SFH partners with the National Malaria Control Center in a nationwide project to distribute Mama Safenite LLINs in an effort to prevent malaria. As a national implementer of the Malaria in Pregnancy program, SFH has rolled out the program to all nine provinces. The program is managed throughout District Health Management Team centers and then through ante-natal clinics at district and ward levels, making free nets easily accessible to pregnant women and children under five.
Contaminated water is a leading cause of diarrheal disease in Zambia, where only 64 percent of the population has access to safe drinking water sources. Among children under five, 21 percent have had diarrhea in the past two weeks, regardless of water source or location. Mortality among children under five is particularly high, as attempts to rehydrate children, usually with more contaminated water, often fail. SFH launched Clorin in 1998 to protect low-income Zambians from contaminated water. Clorin is an inexpensive and simple-to-use household water treatment – a sodium hypochlorite disinfectant developed by the U.S. Centers for Disease Control and Prevention. To date, the program has sold or distributed over 17 million bottles of Clorin, each of which protects a family of six for a month.
Products and Services
- Maximum condoms since 1992, with a 2004 relaunch as Maximum Classic
- Maximum Scented condoms since 2004
- Trust Studded male condoms since 2008
- Care female condoms since 1997, with a 2008 relaunch
- New Start voluntary counseling and testing (VCT) since 2002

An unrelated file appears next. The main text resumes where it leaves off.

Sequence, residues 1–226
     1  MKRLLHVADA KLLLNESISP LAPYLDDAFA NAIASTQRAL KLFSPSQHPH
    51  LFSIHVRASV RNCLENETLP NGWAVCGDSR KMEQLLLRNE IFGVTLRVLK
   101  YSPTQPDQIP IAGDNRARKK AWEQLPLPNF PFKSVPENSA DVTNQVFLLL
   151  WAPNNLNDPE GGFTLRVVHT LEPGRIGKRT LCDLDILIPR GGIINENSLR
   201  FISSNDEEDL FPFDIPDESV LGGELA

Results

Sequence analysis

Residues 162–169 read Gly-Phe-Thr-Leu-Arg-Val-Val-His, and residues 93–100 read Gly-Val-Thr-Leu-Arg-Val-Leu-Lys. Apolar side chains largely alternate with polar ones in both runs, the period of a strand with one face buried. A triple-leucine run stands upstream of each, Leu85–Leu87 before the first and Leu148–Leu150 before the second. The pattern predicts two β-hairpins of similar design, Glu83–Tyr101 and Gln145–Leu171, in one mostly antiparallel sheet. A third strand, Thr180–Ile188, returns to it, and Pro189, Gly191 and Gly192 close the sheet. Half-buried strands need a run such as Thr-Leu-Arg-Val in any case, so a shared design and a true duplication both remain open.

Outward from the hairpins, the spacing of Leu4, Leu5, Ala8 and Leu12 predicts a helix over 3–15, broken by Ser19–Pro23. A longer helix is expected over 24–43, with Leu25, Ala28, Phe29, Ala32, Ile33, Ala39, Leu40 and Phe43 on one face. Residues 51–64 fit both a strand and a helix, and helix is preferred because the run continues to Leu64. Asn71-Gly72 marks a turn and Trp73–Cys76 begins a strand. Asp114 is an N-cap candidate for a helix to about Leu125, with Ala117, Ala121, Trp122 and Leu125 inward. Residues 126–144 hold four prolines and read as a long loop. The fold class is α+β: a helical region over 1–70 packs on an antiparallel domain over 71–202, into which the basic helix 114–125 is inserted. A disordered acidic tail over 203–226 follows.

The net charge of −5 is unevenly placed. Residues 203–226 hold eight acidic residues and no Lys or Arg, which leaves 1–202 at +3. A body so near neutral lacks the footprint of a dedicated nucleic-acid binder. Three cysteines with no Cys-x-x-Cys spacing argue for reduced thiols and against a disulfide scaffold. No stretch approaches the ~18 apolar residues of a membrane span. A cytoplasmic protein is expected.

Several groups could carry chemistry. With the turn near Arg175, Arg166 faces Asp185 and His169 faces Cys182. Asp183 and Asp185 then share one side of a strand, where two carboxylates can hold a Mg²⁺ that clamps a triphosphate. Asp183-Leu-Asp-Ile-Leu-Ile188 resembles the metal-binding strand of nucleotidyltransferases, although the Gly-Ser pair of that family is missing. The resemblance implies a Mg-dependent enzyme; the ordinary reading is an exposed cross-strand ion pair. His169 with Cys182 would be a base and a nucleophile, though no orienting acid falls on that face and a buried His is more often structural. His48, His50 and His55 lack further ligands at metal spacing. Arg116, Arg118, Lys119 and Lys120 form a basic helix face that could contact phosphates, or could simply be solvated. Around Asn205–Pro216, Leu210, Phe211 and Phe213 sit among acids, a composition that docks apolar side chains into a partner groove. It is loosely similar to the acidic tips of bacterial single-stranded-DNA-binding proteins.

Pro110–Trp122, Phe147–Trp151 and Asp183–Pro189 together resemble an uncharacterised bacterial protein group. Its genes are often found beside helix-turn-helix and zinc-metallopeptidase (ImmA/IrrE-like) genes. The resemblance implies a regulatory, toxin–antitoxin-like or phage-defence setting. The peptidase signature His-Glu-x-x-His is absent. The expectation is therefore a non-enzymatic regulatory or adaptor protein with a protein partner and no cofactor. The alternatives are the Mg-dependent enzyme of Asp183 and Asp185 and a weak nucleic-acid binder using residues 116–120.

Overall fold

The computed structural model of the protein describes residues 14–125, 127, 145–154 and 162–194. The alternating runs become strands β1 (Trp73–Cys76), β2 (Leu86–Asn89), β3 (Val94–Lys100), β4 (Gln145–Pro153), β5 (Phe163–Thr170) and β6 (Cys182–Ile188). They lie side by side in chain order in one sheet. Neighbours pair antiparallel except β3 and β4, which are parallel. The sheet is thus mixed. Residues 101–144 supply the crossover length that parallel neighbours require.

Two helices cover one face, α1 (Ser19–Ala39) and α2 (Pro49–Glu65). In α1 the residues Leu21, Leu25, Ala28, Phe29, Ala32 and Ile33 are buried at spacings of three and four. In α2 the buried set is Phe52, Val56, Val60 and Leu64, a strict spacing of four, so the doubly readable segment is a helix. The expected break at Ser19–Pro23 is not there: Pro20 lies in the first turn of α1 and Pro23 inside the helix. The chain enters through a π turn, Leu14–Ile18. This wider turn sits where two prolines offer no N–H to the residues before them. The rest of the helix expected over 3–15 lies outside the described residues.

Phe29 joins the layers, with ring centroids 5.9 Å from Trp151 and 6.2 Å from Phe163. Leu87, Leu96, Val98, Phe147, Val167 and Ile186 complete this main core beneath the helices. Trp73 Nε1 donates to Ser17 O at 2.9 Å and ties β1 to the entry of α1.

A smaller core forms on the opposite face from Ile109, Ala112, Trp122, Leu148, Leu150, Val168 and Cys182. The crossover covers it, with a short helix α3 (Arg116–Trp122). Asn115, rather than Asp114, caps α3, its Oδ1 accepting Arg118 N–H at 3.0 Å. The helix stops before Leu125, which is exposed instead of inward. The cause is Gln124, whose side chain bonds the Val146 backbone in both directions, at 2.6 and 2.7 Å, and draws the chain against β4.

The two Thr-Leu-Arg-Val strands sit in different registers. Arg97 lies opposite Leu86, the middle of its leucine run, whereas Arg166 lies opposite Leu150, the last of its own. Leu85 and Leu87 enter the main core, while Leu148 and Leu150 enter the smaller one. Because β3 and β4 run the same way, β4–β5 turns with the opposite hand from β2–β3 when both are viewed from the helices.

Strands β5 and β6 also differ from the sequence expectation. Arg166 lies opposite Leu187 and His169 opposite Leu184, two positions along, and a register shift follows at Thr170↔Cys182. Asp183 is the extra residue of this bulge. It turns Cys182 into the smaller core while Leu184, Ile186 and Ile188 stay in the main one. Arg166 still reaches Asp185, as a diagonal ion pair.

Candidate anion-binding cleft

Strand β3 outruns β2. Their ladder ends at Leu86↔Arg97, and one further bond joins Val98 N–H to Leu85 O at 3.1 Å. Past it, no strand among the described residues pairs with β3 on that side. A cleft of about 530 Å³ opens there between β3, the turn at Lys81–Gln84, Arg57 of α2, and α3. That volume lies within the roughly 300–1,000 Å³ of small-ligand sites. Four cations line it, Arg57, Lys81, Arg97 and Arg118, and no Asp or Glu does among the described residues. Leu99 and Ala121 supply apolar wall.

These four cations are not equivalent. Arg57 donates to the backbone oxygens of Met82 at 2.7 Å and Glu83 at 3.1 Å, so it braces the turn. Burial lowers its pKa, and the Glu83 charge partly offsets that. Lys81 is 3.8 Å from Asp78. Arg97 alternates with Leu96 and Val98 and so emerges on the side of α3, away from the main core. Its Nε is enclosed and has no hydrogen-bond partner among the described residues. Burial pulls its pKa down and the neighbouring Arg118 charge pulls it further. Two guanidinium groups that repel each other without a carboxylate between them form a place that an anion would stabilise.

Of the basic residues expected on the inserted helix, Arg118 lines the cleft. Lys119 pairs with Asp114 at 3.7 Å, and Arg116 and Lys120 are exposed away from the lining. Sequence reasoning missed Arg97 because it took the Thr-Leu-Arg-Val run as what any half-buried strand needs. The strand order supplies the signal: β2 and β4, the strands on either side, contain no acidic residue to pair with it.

- Male Circumcision since 2007
- SafePlan oral contraceptives since 1996
- MyChoice Microgynon oral contraceptives since 2007
- MyChoice Injectable since 2009
- Long-Term Method (IUD and Implant) service delivery since 2008
- Circle of Friends interpersonal communication (IPC) initiative since 2005
- Misoprostol for the prevention of post-partum hemorrhage since 2009
- Mama Safenite long lasting insecticide treated nets (LLINs) since 2001
- Clorin safe water system since 1998
- GoGo reading glasses since 2007
- Launch of MyChoice IUD
- Launch of MyChoice Implant
- Launch of MisoSafe misoprostol
- Launch of Diarrhea Treatment Kits (ORS/Zinc)
- U.S. Agency for International Development
- The Global Fund To Fight AIDS, Tuberculosis and Malaria
- President’s Emergency Plan for AIDS Relief
- Bill and Melinda Gates Foundation
- Global Women’s Health Project
- Zambian Ministries of Health and Education
- National AIDS Council
- National Malaria Control Center
- University Teaching Hospital
- Mwami Adventist Hospital
- Luapula Foundation
- Youth Alive
- Development Aid from People to People
- Comprehensive HIV/AIDS Management Program
- Zambia Health Education Communications Trust
- Health Communications Partnership
- Centre for Infectious Disease Research in Zambia
- Community-based NGOs such as CARE, Catholic Relief Services and Neighborhood Health Committees
- Enabling the Healthy Spacing and Limiting of Pregnancies: Programmatic Approaches to Expand Postpartum IUD Access